This year China’s participation at the forum will focus on more specific areas and measures to boost the world economy and promote rulemaking to reform globalization, experts said.

China will be represented by Liu He, a member of the Political Bureau of the Communist Party of China Central Committee and director of the General Office of the Central Leading Group for Financial and Economic Affairs, the Xinhua News Agency reported.

National leaders including French President Emmanuel Macron, Canadian Prime Minister Justin Trudeau, German Chancellor Angela Merkel and Indian Prime Minister Narendra Modi will also attend the WEF.

Chinese President Xi Jinping told last year’s WEF that China was determined to safeguard free trade and globalization.

His ideas were well received and have encouraged leaders of other countries to use the WEF to expand their influence, Bai Ming, a research fellow at the Chinese Academy of International Trade and Economic Cooperation, told the Global Times on Monday.

“This year, Liu, as the senior official in charge of financial and economic areas, will bring more specific and targeted ideas to the forum,” said Bai.

With this year’s theme focused on a “Fractured World,” Klaus Schwab, founder and chief executive of the WEF, told the Xinhua News Agency that nations and economies are increasingly adopting competitive positions due to divergent interests, and fractures are also emerging within countries, as many societies continue to face instability.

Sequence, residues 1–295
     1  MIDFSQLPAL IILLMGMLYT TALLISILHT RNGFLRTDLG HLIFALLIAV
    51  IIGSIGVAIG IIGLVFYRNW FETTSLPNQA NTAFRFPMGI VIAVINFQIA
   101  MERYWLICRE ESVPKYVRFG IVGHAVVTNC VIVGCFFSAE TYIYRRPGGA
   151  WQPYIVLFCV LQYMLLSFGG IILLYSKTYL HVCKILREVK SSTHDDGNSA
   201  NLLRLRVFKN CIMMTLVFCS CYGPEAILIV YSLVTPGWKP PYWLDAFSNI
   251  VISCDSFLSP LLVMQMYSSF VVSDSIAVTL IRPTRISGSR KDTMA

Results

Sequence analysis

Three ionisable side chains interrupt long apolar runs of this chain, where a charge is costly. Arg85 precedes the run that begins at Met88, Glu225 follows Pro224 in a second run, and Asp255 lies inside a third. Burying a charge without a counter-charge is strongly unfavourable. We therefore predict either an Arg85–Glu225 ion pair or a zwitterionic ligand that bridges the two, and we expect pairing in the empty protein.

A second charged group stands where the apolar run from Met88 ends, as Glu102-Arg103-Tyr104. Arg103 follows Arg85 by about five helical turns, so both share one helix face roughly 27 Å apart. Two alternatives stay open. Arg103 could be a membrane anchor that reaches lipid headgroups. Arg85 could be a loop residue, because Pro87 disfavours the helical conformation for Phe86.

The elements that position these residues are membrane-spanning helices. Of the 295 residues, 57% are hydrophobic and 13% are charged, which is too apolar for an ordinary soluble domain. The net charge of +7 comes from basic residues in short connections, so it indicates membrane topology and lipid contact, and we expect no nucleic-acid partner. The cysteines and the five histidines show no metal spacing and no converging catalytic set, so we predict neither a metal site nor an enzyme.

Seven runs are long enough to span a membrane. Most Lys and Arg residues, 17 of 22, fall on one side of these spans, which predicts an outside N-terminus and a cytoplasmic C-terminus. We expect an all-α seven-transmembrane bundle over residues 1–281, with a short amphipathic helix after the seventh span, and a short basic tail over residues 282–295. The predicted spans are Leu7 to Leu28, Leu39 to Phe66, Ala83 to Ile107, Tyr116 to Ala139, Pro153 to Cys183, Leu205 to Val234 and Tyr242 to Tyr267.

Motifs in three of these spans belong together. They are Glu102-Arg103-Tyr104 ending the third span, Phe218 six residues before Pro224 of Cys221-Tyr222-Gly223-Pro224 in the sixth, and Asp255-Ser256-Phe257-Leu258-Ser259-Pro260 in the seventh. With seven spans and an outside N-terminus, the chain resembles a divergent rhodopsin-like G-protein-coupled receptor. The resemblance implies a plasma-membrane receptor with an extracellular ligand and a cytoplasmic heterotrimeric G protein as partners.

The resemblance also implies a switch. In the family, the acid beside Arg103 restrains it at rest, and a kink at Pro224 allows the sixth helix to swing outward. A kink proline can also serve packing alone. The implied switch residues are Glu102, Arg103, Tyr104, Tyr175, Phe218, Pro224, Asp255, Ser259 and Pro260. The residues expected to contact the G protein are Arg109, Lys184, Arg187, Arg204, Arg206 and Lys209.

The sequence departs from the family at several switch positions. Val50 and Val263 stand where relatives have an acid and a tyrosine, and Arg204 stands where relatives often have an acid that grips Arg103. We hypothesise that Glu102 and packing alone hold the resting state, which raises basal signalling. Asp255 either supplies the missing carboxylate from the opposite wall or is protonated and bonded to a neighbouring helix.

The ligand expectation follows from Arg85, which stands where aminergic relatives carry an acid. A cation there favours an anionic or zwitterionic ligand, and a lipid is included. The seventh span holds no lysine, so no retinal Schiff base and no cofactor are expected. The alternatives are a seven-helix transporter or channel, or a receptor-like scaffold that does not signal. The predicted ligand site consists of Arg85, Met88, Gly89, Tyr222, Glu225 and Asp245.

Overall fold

“Regional integration, which has been encouraged globally in the past, has also caused fractures for globalization,” said Wang Yiwei, the Jean Monnet chair professor at Renmin University of China, while commenting on the competition between countries and coalitions from different regions.

Wang believes China’s Belt and Road initiative will turn competition into cooperation by establishing inter-connection between countries of different regions by boosting infrastructure cooperation, free trade and investment.

“China’s ambition to build ‘a community of a shared future for mankind’ has perfectly matched the theme of the WEF this year,” he said.

China can also push rulemaking in emerging fields like artificial intelligence and e-commerce, which could activate the next round of economic growth, with China as a leading country in these areas, Wang added.

Jack Ma and Liu Qiangdong, founders of China’s e-commerce giants Alibaba and JD.com, will also attend the forum.

China’s representative Liu has been an advocate of open and common interests with other countries.

Divided and uncertain West

However, the US will sell “America First” at the WEF, and Trump’s tax reforms are likely to directly impact the EU by attracting high-tech enterprises from Europe. This scenario could lead other major economies to back away from seeking common interests, and struggles of different interests could emerge at the WEF, Bai said.

“Western leaders are all impacted by their domestic politics, and in many cases, domestic pressure will impact their decision-making in the international arena. China is the most united and certain major economy, and it will continue to be the main engine of the global economic recovery,” Wang said.

“China is more reliable than others,” he added.